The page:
Silver sedans tend to disappear in the suburbs, melting into well-tended, wide-open gray pavement.

Somebody call True Detective.

That sort of semi-invisibility works fine for the forgettable Camrys and Rogues and Outbacks buzzing down new boulevards hell-bent for Tom Thumb.

Who cares about seeing another tot-toter with a bunch of family stick figures on its tinted back window — though you have to wonder what’s going on in there to rate so many sticks.

But I really thought the silver 2014 Chevrolet SS I had recently might draw more envious looks than it got in my leafy new home ground in Richardson, Texas.

Most people probably presumed old Poppy was just headed to church in his gussied-up Malibu, its trunk filled with sacks of canned goods for the poor and his heart brimming with Sunday morning benevolence.

Little did they know.

To paraphrase Professor Didley, the SS might look like a farmer, but those 4-inch duals protruding from its generic rear rumbled with the distant fire of a deep-breathing 6.2-liter V-8.

The SS is the first full-size rear-wheel-drive sedan from Chevrolet in nearly 20 years.

This one, however, came mostly from General Motors’ Holden division in Australia, a notable bunch that also built the last Pontiac GTO and late, great Pontiac G8 — both cousins of the SS.

Like those vehicles, the SS rides on a taut, independent front and rear suspension, blisters the pavement with a Corvette-derived engine, and can boil up muscle-car performance numbers.

As I mentioned in a recent review of the 2014 Dodge Charger SRT8, the new SS is also the Charger’s most direct competitor.

One of the first things you’ll notice is that the SS looks as if it spends its gym time jogging while the bulky Charger loudly pumps steel.

At about 3,930 pounds, the SS weighs 440 pounds less than the big-bruiser Charger and yet gets about the same fuel economy - 15 miles per gallon in town and 21 on the highway, compared with the Dodge’s 14/23.

I can’t explain that, particularly since the Dodge has a slightly larger engine (6.4 liters) and a less-efficient five-speed automatic.

Nonetheless, with the SS, think growl, not roar.

Up front, for example, it wore a fairly innocent-looking blacked-out grille with Chevy’s big corporate gold bow tie in the center.

Below that was a larger, more sinister grille, also blacked out, but it wasn’t sufficiently evil to scare slow-moving traffic out of the way.

A raised hood with a fairly subtle power dome in the center flowed into a slightly raked windshield and sleek top.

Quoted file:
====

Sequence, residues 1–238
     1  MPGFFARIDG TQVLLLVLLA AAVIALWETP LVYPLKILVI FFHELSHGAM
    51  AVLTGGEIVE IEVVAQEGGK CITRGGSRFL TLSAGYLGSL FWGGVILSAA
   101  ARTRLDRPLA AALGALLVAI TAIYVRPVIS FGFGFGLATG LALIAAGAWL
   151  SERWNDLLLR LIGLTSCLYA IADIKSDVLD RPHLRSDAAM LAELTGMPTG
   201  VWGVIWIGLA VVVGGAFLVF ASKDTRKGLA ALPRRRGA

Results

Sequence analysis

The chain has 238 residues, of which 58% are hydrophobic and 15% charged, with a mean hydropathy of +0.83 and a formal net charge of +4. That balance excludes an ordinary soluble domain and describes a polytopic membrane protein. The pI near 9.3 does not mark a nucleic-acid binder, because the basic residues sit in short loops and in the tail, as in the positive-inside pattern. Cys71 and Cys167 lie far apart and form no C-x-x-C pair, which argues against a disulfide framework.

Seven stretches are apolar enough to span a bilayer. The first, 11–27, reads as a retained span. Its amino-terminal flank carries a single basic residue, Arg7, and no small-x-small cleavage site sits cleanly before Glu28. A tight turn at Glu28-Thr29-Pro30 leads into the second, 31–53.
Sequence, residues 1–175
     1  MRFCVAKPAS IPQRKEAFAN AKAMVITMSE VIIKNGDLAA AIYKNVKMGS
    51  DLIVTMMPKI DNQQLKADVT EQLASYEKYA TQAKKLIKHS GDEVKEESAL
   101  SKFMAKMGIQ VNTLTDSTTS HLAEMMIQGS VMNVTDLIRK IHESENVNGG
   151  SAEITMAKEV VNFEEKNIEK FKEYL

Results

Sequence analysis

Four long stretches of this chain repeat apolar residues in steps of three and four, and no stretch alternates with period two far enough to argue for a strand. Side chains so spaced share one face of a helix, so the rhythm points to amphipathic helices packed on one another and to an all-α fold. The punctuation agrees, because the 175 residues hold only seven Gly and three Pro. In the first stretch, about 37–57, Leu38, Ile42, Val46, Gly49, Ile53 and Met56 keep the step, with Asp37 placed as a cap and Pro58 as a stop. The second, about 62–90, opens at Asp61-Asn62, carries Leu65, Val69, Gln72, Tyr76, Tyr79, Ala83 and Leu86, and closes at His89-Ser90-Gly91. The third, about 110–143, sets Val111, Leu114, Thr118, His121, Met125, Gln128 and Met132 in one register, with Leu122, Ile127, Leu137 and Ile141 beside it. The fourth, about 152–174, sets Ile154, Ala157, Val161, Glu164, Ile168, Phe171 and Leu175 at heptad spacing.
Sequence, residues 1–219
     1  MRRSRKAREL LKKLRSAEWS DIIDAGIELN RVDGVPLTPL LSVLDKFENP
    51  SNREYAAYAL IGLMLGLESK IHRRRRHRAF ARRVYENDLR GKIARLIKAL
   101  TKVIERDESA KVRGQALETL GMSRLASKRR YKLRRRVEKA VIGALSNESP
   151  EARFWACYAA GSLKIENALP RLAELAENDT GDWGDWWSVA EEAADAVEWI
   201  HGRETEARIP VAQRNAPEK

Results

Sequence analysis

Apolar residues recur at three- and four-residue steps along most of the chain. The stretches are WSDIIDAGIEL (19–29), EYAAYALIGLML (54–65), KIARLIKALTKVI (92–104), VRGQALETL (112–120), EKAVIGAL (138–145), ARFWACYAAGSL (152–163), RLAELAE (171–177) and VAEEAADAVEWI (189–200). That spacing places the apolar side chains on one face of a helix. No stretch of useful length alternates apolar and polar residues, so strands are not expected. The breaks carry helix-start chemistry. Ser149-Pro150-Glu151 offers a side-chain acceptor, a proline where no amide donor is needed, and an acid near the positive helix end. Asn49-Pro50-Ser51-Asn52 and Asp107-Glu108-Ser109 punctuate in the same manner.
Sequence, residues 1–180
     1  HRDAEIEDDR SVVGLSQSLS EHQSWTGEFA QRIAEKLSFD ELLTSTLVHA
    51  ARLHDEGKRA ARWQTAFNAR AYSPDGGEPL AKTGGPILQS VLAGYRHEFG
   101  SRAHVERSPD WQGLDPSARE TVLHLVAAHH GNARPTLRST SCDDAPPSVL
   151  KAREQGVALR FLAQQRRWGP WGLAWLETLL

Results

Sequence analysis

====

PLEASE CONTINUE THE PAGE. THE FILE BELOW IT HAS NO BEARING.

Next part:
I didn’t care much for fake vertical grilles behind the front wheel openings, but a nicely chiseled character line ran from there to the taillamps.

Another line up high gave the sides a touch of lean muscle, but you have to kind of study the car to see it.

One look at the SS’ tires and wheels, though, should make this sedan’s antisocial intentions clear.

Polished 19-inch wheels were shod with meaty 245/40 tires up front and serious 275/35s in back.

And just listen to it idle. Like the Charger, the SS shakes lightly at stoplights with a great cam-induced shudder.

Its stout V-8 — the only engine available in the car — is derived from the 2013 Corvette’s LS3 engine, cranking out tire-spinning torque down low along with an aggressive power curve that stays pushy all the way to 6,000 rpm.

The engine’s 415 horsepower, incidentally, is 55 less than the Charger’s.

But punch the SS, and it emits a lusty little intake moan, lunging forward with enough energy to briefly spin its tires at any speed under 30.

In fact, the SS felt more responsive to me than a Camaro SS with the same basic engine, zipping to 60 in 4.5 seconds, according to Car and Driver — 0.3 of a second slower than the Charger.

Although sudden acceleration could occasionally catch the six-speed automatic between gears, it was mostly a willing — and snappy-shifting — accomplice to the Chevy’s lusty V-8.

Handling clearly separated the SS from the Charger. While the Charger muscles into corners and hangs on, the SS turns in more rapidly and cleanly, settling into curves more deftly than the Charger.

The steering also felt better. Like the Charger, the SS’ steering was a bit numb at dead center, but it was better weighted and livelier than the SRT8’s.

Throw the SS into a really fast corner and it responds with minimal body lean, able to gracefully handle some meathead mashing on the throttle in the midst of a drift. (It was all for research, Boss.)

Like the SRT8, the SS rode firmly but felt more supple. Though the car would move backseat passengers around some on bumpy roads, it delivered little jounce or harsh rebound.

Likewise, the SS offered more refinement and better materials inside than the Charger — and my SS, at $45,770, was nearly $7,000 cheaper than the SRT8.

Its black interior, for example, had a relatively spare dashboard with a leather-like hood over the instrument panel, stitched on the edges in red.

Everything on the dash and door tops was formed in low-gloss, high-end looking plastic.

Black suede trimmed the midsection of the dashboard, which flowed comfortably around a semi-swoopy, highly functional center stack.

Although the door panels were mostly black plastic, they had suede centers and padded armrests.

Meanwhile, black seats with perforated centers and highly supportive bolsters were trimmed in red stitching.

While the SS appears to be no larger than many midsize sedans, it provides more than adequate leg- and head-room in back.

You could easily stuff a couple of big, noisy teenagers back there, though I suggest you bind and gag them first.

Look, I’d take either car. I love the big Hemi V-8 in the SRT8. But the SS feels more developed and refined, offering better handling, a slightly smoother ride and almost as much straight-line performance.

It comes down to this: Do you want a knife or a scalpel? They both cut deeply.